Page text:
Five burning questions for NCAA track

Kirby Lee/USA TODAY Sports

Texas A&M junior Olivia Ekpone leads a 200-meter field stacked with talent from the state of Texas.

The 2014 NCAA outdoor track and field championship kicks off in Eugene, Oregon, on Wednesday at the historic Hayward Field.

Most of the events finals won't happen until Friday and Saturday, but that's no reason not to tune in Wednesday and Thursday. Trials and finals for several field events will conclude by Thursday evening (hammer, long jump, javelin, discus), and the women's 10,000-meter run (no semifinals in this event) kicks off Thursday night at 10:15 p.m. ET.

With so many schools and athletes competing, it's hard to keep everything straight and know which storylines to follow. So to help you out, here are five burning questions.

How much will the state of Texas own the 200-meter dash?

Six of the top 10 runners in the 200-meter dash hail from programs located in the state of Texas -- Texas A&M (four), Texas (one) and Baylor (one). Texas has long boasted top athletes in many sports, but with Texas A&M juniors Olivia Ekpone and Kamaria Brown, and Texas sophomore Morolake Akinosun holding down the top three seeds, it seems relatively safe to say that the state of Texas has done it up bigger than any other state for the 200.

It seems kind of crazy to think that Oregon's Jenna Prandini, USC's Tynia Gaither or Iowa's Brittany Brown wouldn't appear in the finals, but if Texas A&M freshman Aaliyah Brown could sneak into the top eight (seeded 10th), there's a very real possibility that the Lone Star State could field six of the eight runners in the event finals Saturday.

Kirby Lee/USA TODAY Sports

Can the Oregon women finally capture the NCAA outdoor track and field title after finishing runner-up in four of the past five years?

Can Oregon step out of the shadows and finally clinch a title?

The Ducks are kind of in an "always a bridesmaid" position when it comes to track and field. They won the title in 1985 but haven't been back since. And over the past five years, they've finished as the runner-up four times. Much of the Ducks' chances rest on the shoulders of Prandini, who's a high seed in the 100-meter dash (No. 2), 200 (No. 4) and long jump (No. 1), as well as being the third leg on the Ducks' second-seeded 4x100 relay.

Texas, nearly 10 years removed from its last title and led by first-year coach Mario Sategna, is the favorite at this point. Sategna's group will rely heavily on the 400, in which four of the top 10 runners are Longhorns.

How many same-school races could we have for individual champions?

In seven different individual events, athletes from the same school are seeded together in the top four. This always creates an interesting finish, as training partners become rivals. We'll see this in the 200 (Ekpone and Brown, Texas A&M), the 400 (junior Ashley Spencer and sophomore Courtney Okolo, Texas), the 1,500 (senior Emily Lipari and sophomore Angel Piccirillo, Villanova), the 10,000 (senior Elaina Balouris and sophomore Emily Stites, William & Mary), the 400 hurdles (senior Janeil Bellille and freshman Shamier Little, Texas A&M), the high jump (sophomore Leontia Kallenou and freshman Tatiana Gusin, Georgia) and the pole vault (sophomore Sydney Clute and senior Kelsie Ahbe, Indiana).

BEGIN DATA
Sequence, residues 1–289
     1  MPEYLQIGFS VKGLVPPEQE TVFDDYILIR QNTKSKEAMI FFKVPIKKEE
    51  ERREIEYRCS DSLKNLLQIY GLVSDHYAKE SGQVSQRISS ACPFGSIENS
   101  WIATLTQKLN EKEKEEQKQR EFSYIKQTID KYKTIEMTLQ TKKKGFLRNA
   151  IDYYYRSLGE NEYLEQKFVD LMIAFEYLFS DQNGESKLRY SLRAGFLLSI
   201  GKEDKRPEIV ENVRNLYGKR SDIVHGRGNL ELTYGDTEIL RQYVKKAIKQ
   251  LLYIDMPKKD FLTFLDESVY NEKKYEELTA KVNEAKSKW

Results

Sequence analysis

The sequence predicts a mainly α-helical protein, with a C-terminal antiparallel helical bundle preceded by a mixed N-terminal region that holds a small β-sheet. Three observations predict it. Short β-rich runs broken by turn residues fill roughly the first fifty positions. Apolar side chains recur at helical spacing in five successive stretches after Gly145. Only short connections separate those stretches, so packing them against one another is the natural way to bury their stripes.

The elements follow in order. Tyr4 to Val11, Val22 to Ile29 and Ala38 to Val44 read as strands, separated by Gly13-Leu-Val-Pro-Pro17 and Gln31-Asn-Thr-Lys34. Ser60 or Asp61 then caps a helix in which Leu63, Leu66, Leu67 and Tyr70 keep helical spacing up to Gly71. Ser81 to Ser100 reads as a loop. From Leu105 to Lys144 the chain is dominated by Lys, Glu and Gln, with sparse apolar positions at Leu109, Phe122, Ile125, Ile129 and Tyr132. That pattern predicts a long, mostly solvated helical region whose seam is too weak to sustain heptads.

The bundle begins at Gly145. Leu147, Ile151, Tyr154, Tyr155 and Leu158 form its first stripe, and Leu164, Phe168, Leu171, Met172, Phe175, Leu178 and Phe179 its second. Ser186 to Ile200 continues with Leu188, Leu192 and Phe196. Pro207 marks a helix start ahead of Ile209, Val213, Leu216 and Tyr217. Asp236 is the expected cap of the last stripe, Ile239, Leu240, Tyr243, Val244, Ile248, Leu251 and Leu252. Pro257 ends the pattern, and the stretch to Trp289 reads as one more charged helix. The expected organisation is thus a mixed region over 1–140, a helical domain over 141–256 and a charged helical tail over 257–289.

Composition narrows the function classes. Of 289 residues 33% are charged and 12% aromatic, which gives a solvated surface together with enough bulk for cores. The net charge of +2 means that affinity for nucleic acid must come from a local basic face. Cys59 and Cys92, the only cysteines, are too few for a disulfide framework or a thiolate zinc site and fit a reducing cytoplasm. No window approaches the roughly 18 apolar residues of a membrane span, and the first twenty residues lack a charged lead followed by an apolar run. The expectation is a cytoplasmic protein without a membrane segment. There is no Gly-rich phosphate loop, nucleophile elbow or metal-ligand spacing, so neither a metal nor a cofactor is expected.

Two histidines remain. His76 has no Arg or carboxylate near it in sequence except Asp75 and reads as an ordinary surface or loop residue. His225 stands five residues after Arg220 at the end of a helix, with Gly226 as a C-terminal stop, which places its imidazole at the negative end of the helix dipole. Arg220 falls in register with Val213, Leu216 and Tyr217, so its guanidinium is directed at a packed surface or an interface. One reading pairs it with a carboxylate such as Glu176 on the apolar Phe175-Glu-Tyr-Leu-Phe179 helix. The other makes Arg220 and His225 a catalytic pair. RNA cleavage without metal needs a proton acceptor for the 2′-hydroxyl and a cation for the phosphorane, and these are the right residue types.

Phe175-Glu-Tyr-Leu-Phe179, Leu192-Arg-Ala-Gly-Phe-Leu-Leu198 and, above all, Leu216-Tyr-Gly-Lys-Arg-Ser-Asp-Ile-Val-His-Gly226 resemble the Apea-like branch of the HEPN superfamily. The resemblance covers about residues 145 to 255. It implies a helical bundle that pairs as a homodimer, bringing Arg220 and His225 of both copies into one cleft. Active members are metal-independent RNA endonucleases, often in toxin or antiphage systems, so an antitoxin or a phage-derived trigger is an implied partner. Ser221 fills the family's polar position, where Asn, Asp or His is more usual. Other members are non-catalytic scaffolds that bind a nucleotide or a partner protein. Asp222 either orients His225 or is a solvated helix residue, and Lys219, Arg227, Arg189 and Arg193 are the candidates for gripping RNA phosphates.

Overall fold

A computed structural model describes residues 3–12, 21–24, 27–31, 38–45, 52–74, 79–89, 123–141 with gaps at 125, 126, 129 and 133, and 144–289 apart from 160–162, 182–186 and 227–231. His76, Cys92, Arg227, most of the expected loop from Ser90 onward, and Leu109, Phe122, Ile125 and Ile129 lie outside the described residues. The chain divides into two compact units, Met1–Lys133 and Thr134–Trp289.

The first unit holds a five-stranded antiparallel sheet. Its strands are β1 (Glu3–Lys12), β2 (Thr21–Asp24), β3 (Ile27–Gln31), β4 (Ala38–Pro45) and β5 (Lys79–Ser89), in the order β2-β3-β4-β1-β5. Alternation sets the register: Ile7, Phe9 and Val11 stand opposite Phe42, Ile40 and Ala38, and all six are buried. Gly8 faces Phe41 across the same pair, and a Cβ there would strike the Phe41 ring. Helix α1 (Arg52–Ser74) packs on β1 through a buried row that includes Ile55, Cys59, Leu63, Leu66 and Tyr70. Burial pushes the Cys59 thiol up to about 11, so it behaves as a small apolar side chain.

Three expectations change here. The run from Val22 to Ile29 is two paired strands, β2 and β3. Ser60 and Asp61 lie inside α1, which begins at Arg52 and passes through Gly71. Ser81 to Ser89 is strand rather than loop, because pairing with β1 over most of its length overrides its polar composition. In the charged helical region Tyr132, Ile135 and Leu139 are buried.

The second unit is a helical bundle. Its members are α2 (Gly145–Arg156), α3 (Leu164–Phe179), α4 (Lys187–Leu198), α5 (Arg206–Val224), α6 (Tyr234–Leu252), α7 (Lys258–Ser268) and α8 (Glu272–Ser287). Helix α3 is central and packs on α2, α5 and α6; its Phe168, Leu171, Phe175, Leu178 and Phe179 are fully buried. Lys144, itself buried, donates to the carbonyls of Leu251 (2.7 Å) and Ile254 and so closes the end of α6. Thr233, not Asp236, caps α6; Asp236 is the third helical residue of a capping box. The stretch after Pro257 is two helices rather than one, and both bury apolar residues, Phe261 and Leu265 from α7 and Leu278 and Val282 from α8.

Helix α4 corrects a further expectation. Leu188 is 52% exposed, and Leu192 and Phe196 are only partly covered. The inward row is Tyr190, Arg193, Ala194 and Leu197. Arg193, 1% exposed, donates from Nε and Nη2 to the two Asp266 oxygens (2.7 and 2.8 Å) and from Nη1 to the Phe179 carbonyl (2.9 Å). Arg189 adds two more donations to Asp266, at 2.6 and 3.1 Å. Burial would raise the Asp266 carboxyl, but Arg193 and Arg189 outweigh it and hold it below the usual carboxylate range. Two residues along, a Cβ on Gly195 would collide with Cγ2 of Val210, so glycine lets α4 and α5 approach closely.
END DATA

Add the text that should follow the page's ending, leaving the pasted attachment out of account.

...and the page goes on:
From a team-point perspective, this gives programs a greater chance to build its point total, but only one person can stand at the top of the podium, and these teammates will be fighting neck-and-neck for that spot.

Could a freshman own the 10K?

Michigan freshman Erin Finn has already set outdoor Big Ten and school records in the 5,000-meter run (15:26.08) and the 10,000-meter run (32:41.65). She was named Big Ten Outdoor Athlete of the Year, Big Ten Freshman of the Year and the Big Ten's Athlete of the Championships. She's one of two freshmen to hold a No. 1 seed in an individual event this week (Georgia's Kendell Williams, heptathlon, is the other freshman), and if she were to win, she'd become the first freshman winner in the 10K since Stanford's Alicia Craig became the first freshman to win it in 2003.

Will any records be rewritten?

Eugene had the pleasure of seeing a few American records broken last week in the Prefontaine Classic, as Galen Rupp set the 10,000-meter run record and Shannon Rowbury set the two-mile record. But will any college or NCAA championship records be taken down in TrackTown USA this week? None of the seed times and scores are that close to the records, but keep in mind that not every runner went full-go to get that seed time or score in the preliminary rounds. With a week and a half off competition, athletes have been able to rest and prepare for the biggest meet of the year, and with the aura surrounding Hayward Field, it seems like we could have some pretty major performances and PRs on the way. And maybe, if we're lucky, a new record or two could be set, as well.

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